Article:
Algirdas (Belarusian: Альгерд, Ukrainian: Ольгерд,
Polish: Olgierd; c. 1296 – May 1377) was a ruler of medieval
Lithuania. He ruled the
Ruthenians from 1345 to 1377.
With the help of his brother
Kęstutis (who defended the western
border of the Duchy) he created an empire stretching from the present
Baltic states to the
Black Sea and to within fifty miles of Moscow.
2 Expansion of Lithuania
3 Religion and death
5 See also
Algirdas was one of the seven sons of Grand Prince Gediminas. Before
his death in 1341,
Gediminas divided his domain, leaving his youngest
Jaunutis in possession of the capital, Vilnius. With the aid of
his brother, Kęstutis,
Algirdas drove out the incompetent Jaunutis
and declared himself Grand Prince in 1345. He devoted the next
thirty-two years to the development and expansion of the Grand Duchy
Two factors are thought to have contributed to this result: the
political sagacity of
Algirdas and the devotion of Kęstutis. The
division of their dominions is illustrated by the fact that Algirdas
appears almost exclusively in East Slavic sources, while Western
chronicles primarily describe Kęstutis. Lithuania was surrounded by
Teutonic Order in the northwest and the
Golden Horde in
the southwest sought Lithuanian territory, while Poland to the west
and Muscovy to the east were generally hostile competitors.
Expansion of Lithuania
Algirdas by Alexander Guagnini
Algirdas held his own, also acquiring influence and territory at the
expense of Muscovy and the
Golden Horde and extending the borders of
Grand Duchy of Lithuania
Grand Duchy of Lithuania to the Black Sea. His principal efforts
were directed toward securing the Slavic lands which were part of the
former Kievan Rus'. Although
Algirdas engineered the election of his
son Andrew as Prince of
Pskov and a powerful minority of Novgorod
Republic citizens supported him against Muscovy, his rule in both
commercial centres was (at best) precarious.
Algirdas occupied the important principalities of
Smolensk and Bryansk
in western Russia. Although his relationship with the grand dukes of
Muscovy was generally friendly (demonstrated by his marriages to two
Orthodox Russian princesses), he besieged Moscow in 1368 and 1370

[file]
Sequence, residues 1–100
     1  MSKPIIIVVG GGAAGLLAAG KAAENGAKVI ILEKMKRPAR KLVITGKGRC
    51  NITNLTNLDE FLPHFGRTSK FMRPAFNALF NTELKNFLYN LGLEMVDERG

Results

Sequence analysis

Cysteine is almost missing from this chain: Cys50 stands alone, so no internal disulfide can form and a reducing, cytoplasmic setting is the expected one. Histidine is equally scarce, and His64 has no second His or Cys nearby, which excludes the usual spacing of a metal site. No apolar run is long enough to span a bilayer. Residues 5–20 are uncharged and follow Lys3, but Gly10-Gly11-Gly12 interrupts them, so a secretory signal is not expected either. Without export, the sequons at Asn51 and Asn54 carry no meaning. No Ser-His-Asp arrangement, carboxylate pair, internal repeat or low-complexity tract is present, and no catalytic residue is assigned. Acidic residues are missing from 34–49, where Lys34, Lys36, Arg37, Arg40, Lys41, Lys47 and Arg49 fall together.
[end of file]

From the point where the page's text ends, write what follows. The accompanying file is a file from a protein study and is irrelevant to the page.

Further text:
during the Lithuanian–Muscovite War (1368–72). An important feat
Algirdas was his victory over the Tatars in the Battle of Blue
Waters at the
Southern Bug in 1362, which resulted in the breakup of
Kipchaks and compelled the khan to establish his headquarters in
Religion and death
According to modern historians, "For
Gediminas and Algirdas, retention
of paganism provided a useful diplomatic tool and weapon ... that
allowed them to use promises of conversion as a means of preserving
their power and independence".
Hermann von Wartberge and Jan
Algirdas as a pagan until his death in 1377.
Contemporary Byzantine accounts support the Western sources; Patriarch
Algirdas as "fire-worshipping prince" and another
patriarch, Philotheos, excommunicated all Ruthenian noblemen who
helped the "impious" Algirdas. His pagan beliefs were also
mentioned in 14th-century Byzantine historian Nicephorus Gregoras'
Algirdas (left) on the
Millennium of Russia
Millennium of Russia monument in Veliky
After his death,
Algirdas was burned on a ceremonial pyre with 18
horses and many of his possessions in a forest near Maišiagala,
probably in the Kukaveitis forest shrine located at 54°55′42″N
25°01′04″E / 54.92833°N 25.01778°E / 54.92833;
25.01778. His alleged burial site has undergone archaeological
research since 2009. Algirdas' descendants include the Trubetzkoy,
Czartoryski and Sanguszko families.
Algirdas was said to have ordered the death of Anthony, John,
and Eustathius of Vilnius, who were later glorified